Acorns and range might be directly correlated and the validity of acorn sizes actually affecting region ranges is questionable so we used linear regression analysis to determine the rationality. Excluding the leverage points, the p value and coefficient of determination values were in favor of the alternative hypothesis, larger acorn sizes expands region ranges, so we reject the null hypothesis. The main complication within the data set were the leverage points, but once they were disqualified from the data we were able to get a more accurate study.
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Acorns, also known as oaknuts, are the nuts of oak trees that have a single seed inside of them and over 100 animals in the US consume these nuts. Since the seed lies within the acorn in order for another oak tree to be planted they rely on the animals to disperse them around the environment. Usually only small animals eat the acorns, so how are other oak trees sprouting up miles away from the parent tree? The relationship in this linear regression analysis is between acorn size and the range of the region they are produced at. It’s suggested that region’s with greater ranges tend to produce bigger acorns that will attract larger animals who are able to carry the acorns and drop them further away from its parent tree thus creating a larger range. To determine the probability that this might be the case we must first state the null and alternative hypothesis. The null hypothesis is that the acorn size does not have any direct correlation with the range of the region, the beta will be equal to zero. The alternative hypothesis is the bigger the acorn size the larger the region area becomes, the beta will be greater than zero. Our data set comes from 11 out of 50 species of oak tree and all regions are from California. X, the explanatory variable is the acorn size, and Y, the response variable is the range of how far away a new oak tree can grow. They have a positive correlation. With this information we will be able to find beta, the level of how much the range changes based on the size of the acorn.(at what percent are the sizes of the acorns effecting the region range.)
Through further analysis using scatter plots and the equation we got for y=a+bx, y=517.873+13.873x, we were able to find the beta, p value, and coefficient of determination of the data set. For the P-value we obtained the value .5519. P value is a summary of the data that gives us an insight on the possible outcome of the research and based on the unusual measurement of p-value it can trigger the rejection of the null hypothesis. Let’s say the significance level of this analysis is .05. In that case, an extremely small p-value is very strong evidence against the H0, but for the original data set we do not reject the null hypothesis since the p value is greater than the level of significance. For the coefficient of determination (r^2) value you want the opposite, the higher the value of r^2 the stronger evidence you have to determine if the x variable has any effect on the y variable. The value for r^2 is .0407. The number is very low and does not give us strong evidence x affects y.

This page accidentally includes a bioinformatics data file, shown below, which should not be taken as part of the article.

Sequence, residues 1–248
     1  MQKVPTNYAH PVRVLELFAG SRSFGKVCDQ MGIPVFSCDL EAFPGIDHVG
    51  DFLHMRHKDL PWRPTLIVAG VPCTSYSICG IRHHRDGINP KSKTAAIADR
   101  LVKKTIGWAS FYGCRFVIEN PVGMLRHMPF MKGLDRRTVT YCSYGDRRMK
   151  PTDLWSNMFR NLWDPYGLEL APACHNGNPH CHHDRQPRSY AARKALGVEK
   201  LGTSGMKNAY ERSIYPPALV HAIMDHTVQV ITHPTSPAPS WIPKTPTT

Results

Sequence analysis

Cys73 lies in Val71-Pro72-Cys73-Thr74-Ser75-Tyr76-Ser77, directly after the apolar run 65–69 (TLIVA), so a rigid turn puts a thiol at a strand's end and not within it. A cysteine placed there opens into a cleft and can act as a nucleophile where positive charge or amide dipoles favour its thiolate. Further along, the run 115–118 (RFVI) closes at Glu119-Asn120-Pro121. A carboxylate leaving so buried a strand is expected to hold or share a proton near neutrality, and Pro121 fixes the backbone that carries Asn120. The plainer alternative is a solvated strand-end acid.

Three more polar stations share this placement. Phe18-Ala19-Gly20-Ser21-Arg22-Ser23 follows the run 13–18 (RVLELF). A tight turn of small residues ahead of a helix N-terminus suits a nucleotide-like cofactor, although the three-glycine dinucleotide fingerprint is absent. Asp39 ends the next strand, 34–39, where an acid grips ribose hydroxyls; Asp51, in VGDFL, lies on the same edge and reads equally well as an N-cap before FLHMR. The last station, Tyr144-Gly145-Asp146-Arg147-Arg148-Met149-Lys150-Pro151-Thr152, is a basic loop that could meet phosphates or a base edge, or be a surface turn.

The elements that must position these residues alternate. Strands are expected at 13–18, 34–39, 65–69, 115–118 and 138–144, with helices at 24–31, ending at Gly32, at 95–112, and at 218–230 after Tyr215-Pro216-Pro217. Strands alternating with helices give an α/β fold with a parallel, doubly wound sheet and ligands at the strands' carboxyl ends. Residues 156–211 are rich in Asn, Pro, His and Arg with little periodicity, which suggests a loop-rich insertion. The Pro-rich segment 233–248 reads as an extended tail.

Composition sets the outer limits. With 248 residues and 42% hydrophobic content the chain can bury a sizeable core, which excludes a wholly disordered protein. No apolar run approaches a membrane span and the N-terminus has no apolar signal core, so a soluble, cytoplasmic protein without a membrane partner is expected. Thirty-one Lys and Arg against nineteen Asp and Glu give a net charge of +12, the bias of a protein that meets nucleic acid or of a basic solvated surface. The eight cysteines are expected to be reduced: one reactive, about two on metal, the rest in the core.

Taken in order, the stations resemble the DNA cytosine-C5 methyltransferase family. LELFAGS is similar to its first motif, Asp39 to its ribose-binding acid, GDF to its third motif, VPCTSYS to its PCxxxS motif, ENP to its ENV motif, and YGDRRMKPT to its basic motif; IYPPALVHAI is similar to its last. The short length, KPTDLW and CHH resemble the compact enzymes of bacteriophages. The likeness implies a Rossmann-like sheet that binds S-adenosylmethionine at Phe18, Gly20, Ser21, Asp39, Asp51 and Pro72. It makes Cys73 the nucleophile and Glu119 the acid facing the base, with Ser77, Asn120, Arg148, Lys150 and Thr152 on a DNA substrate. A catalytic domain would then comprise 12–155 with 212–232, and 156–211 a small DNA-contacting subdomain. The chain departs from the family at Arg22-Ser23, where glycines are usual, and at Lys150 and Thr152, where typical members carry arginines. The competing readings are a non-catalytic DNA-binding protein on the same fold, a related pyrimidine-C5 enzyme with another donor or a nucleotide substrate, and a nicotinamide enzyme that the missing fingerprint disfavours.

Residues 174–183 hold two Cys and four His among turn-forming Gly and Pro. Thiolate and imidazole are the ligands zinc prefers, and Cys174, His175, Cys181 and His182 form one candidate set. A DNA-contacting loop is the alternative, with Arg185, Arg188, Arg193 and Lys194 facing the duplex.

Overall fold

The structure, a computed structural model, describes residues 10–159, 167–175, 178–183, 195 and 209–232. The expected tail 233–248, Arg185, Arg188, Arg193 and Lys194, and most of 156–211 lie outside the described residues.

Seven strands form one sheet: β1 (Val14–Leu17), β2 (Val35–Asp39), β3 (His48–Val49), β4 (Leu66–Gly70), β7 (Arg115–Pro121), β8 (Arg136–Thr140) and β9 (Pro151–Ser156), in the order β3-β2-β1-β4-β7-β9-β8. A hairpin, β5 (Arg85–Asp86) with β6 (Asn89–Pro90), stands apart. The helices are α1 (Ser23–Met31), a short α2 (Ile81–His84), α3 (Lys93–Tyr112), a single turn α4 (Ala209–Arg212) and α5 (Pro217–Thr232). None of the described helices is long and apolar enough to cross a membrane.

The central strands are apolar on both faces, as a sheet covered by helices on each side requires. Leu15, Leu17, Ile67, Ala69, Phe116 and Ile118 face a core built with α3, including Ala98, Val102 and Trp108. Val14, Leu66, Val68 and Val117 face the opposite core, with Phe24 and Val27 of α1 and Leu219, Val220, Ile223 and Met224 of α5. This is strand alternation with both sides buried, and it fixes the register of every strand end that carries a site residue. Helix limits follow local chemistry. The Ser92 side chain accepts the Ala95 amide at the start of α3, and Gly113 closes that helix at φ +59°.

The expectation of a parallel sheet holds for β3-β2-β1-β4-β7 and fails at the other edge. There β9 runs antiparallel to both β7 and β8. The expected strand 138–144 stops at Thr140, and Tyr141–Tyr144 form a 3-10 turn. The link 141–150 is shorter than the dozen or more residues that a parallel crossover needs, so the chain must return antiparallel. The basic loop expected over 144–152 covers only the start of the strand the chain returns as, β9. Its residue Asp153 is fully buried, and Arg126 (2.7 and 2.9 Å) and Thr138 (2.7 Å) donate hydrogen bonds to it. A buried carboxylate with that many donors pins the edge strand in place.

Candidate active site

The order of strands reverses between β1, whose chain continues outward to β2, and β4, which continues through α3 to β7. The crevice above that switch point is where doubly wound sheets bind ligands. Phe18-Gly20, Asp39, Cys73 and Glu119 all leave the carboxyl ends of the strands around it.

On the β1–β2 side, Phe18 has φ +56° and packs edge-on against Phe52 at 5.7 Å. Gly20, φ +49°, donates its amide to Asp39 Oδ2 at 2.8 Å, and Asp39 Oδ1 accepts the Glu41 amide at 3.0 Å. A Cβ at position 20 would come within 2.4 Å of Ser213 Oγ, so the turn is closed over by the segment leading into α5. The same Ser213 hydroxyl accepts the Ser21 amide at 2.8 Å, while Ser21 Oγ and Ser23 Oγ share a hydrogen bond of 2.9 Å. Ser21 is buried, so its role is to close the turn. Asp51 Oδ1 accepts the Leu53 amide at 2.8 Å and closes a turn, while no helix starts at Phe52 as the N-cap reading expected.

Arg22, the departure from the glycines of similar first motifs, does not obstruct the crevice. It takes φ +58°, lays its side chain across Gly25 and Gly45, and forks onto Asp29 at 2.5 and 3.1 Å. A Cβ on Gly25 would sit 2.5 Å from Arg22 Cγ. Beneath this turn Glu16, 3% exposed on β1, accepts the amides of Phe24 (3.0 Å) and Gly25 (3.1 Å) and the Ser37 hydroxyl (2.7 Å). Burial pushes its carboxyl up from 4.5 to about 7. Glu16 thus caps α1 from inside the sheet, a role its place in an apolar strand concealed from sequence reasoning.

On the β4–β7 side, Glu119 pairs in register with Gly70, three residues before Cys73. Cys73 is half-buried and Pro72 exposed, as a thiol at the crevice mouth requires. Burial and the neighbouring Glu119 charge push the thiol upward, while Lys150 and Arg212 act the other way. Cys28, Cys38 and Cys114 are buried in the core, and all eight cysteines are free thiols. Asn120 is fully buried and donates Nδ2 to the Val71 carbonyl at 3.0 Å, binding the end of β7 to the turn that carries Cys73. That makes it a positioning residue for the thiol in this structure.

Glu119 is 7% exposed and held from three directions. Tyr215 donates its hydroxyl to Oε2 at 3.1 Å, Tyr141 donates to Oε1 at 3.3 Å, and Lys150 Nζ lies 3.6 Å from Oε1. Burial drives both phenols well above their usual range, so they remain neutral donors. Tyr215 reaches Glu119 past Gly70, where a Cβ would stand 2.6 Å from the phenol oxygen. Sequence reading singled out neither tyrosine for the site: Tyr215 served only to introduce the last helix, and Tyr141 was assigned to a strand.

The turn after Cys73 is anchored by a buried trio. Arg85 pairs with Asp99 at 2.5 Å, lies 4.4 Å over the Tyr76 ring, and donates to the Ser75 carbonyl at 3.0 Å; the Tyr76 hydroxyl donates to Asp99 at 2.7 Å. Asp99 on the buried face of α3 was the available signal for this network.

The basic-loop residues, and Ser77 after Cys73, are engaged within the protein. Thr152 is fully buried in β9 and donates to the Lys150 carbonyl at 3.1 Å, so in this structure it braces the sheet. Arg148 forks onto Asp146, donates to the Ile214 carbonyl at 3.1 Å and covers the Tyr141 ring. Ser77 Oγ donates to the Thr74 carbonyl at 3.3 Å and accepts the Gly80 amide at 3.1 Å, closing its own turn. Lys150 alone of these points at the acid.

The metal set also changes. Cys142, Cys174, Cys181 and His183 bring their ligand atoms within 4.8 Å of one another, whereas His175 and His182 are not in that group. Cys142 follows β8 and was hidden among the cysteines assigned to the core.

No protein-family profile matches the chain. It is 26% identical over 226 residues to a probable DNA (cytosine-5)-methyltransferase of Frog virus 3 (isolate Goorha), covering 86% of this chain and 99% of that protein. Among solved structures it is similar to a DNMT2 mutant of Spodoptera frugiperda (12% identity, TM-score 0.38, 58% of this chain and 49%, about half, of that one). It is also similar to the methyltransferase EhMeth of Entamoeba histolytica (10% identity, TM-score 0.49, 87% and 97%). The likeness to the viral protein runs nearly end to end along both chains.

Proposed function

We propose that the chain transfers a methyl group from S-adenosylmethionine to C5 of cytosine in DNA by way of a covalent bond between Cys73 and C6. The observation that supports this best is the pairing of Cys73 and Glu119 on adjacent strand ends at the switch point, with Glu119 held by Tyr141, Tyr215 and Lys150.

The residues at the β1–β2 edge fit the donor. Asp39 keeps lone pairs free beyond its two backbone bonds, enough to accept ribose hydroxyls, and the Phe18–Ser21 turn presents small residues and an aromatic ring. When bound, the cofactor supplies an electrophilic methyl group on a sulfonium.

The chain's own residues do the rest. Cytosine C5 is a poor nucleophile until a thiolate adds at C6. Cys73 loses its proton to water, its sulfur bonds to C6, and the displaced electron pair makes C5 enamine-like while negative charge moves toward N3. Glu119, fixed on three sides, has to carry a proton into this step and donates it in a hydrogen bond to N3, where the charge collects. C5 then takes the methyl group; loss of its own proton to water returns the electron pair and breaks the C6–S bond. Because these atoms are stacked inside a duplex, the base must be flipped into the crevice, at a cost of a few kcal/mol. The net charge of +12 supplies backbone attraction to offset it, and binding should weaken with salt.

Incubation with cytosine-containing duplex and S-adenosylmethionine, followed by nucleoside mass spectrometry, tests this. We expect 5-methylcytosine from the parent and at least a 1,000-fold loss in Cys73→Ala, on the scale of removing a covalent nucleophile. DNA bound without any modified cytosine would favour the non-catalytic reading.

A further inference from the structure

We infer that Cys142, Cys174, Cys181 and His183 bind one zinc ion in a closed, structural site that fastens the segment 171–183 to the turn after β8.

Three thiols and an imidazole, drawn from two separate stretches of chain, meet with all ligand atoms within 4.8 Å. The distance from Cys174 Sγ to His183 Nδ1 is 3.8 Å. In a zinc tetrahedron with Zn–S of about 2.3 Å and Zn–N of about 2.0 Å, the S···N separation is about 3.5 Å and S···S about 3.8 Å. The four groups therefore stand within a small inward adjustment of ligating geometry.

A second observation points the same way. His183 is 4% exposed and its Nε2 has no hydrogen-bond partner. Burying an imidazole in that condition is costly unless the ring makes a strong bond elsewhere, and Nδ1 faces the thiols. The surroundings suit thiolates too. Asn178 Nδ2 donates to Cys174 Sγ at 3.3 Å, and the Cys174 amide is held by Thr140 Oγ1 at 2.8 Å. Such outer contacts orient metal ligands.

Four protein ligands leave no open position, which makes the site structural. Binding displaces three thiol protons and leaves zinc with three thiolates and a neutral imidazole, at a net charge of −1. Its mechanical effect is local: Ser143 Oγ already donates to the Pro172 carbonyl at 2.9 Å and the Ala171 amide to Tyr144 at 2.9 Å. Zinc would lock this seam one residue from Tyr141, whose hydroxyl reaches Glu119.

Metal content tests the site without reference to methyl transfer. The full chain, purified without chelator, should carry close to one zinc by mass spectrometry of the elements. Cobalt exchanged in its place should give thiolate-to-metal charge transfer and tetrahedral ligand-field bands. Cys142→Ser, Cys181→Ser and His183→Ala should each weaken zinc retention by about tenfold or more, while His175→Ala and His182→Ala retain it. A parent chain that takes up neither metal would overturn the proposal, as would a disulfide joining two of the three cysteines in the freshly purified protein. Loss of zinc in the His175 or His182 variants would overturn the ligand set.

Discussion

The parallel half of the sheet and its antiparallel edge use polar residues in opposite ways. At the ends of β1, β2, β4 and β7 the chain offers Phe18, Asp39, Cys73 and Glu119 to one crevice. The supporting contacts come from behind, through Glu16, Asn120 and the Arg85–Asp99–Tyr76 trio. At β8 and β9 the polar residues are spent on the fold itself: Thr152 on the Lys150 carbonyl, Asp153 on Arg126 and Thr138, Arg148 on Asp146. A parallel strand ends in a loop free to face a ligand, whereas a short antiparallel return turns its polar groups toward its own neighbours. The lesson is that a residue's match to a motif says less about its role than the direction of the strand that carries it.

If we look back at the data set, there are two leverage points, sizes 17.1 and 7.1. We’ll be removing 17.1 because the x variable, acorn size, is way too high compared to the other number in the data set. This particular acorn is grown on a Quercus Chrysolepis which are grown in areas with high amounts of rainfall that would have a high positive influence in acorn development. 7.1 is being removed as well since the its y variable, region range, its parent tree sits on is only 13 km2x100 since it’s on an island, this limits its growth and does not fit in with the data set. Having these leverage points could possibly weaken the data values dramatically that could be more accurate without them. Once we remove the leverage points from the data set the new equation we’ll be using is y=318.695+98.445x. The p value and r^2 value completely changes and now favors the alternative hypothesis. The p-value is now 0.0205 and r^2 is .5591. Still staying with a 0.05 significance level, p value is now smaller than 0.05 which favors the alternative hypothesis that the bigger the acorn size the larger the region area is.